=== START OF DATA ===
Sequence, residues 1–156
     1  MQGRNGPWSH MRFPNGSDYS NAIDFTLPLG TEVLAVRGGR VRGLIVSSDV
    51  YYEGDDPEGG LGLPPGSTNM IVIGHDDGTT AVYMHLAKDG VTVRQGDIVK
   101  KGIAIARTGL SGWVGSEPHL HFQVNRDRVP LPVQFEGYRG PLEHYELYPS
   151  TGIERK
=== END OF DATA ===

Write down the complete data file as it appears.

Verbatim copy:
Sequence, residues 1–156
     1  MQGRNGPWSH MRFPNGSDYS NAIDFTLPLG TEVLAVRGGR VRGLIVSSDV
    51  YYEGDDPEGG LGLPPGSTNM IVIGHDDGTT AVYMHLAKDG VTVRQGDIVK
   101  KGIAIARTGL SGWVGSEPHL HFQVNRDRVP LPVQFEGYRG PLEHYELYPS
   151  TGIERK